DOE loan guarantee for Cape Wind
The US Energy Department has made a conditional commitment for a $150m loan guarantee for Cape Wind, which would be the country’s first commercial-scale offshore wind project.
DOE in a statement says its decision is the first step toward issuing a loan guarantee for the proposed 468MW facility, whose first stage will be 363.3MW.
The move will likely provide a decisive boost for a project first proposed 14 years ago. It would be located in Nantucket Sound south of Cape Cod, Massachusetts.
Under the proposed financing structure for the Cape Wind project, DOE would be part of a group of public and private lenders.
"This co-lending arrangement will help build private sector experience with offshore wind projects in the U.S. while reducing taxpayer exposure,” DOE says.
DOE adds that it will continue to monitor the project’s development and efforts by developer Cape Wind Associates to complete project financing before closing the loan guarantee.
Communications director Mark Rodgers told Recharge last week that project financing should be finalized in the fourth quarter. Completion of construction is scheduled for the second half of 2016.
To date, three banks – the Bank of Tokyo Mitsubishi, Rabobank and Natixis – have collectively committed “in excess of $400m” to the project; Danish export bank EKF has committed $600m; PensionDanmark has committed $200m in mezzanine debt; and Siemens may take a $100m equity stake.
Project owner Energy Management Inc. (EMI) has not made public first stage cost. The State of Massachusetts several years ago estimated full project cost at $2.6bn.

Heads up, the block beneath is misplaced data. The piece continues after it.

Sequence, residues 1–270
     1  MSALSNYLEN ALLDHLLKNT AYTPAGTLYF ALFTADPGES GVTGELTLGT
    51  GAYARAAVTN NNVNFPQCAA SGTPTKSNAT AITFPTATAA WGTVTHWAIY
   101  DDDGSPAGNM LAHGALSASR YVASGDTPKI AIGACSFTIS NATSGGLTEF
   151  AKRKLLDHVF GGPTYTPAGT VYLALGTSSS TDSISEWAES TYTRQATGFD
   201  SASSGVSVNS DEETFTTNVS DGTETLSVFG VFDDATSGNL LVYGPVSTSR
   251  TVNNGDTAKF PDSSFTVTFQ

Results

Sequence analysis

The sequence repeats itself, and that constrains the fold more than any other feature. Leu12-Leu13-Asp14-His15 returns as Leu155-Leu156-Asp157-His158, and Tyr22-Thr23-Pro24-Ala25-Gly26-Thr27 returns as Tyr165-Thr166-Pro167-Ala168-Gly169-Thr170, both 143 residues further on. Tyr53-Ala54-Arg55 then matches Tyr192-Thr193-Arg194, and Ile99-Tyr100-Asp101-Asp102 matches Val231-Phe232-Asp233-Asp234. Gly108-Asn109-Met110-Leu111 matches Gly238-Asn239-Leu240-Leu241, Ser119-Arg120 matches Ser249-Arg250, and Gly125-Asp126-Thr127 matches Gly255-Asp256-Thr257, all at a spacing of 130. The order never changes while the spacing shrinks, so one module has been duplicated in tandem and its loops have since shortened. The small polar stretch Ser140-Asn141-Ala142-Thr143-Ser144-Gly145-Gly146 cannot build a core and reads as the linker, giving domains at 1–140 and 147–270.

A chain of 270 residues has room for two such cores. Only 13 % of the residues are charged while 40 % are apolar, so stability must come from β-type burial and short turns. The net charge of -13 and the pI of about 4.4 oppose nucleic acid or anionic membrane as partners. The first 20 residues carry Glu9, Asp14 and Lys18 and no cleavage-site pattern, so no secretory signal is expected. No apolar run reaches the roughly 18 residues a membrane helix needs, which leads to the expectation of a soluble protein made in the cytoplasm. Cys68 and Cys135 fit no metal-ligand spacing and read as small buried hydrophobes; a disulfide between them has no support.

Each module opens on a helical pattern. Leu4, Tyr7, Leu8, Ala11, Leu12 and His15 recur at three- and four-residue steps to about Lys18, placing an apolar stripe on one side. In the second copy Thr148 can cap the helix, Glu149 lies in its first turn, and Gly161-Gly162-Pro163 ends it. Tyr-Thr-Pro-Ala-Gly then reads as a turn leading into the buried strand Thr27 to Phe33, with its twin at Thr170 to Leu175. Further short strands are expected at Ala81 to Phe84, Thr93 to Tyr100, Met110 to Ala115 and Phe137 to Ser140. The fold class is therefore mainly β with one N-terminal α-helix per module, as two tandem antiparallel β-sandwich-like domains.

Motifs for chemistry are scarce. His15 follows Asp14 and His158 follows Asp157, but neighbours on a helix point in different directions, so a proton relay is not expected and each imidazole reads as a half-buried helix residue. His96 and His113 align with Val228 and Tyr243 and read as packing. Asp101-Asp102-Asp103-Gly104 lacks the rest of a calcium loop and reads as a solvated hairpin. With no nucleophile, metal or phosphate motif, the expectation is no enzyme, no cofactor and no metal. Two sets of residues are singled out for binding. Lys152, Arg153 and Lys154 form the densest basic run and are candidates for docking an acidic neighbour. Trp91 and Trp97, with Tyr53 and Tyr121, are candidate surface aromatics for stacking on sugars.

The project has qualified for the 30% federal investment tax credit based on capital investment.
“The Department’s loan guarantees have assisted the launch of new industries in the U.S., and today’s announcement of a conditional commitment to the Cape Wind project demonstrates our intent to help build a strong U.S. offshore wind industry,” says Energy Secretary Ernest Moniz.
The loan guarantee amount is less than the $350m to $500m reportedly sought by EMI.
Cape Wind Associates President Jim Gordon called the announcement "an important endorsement by the United States government of the environmental, economic and energy benefits that offshore wind will provide to our country."
DOE in May 2011 rejected its initial application for a loan guarantee covering about 80% of the project's cost, reportedly under the Section 1703 program for innovative technologies.
At the time, DOE said that project financing was not advanced enough for inclusion in any of its loan guarantee programs.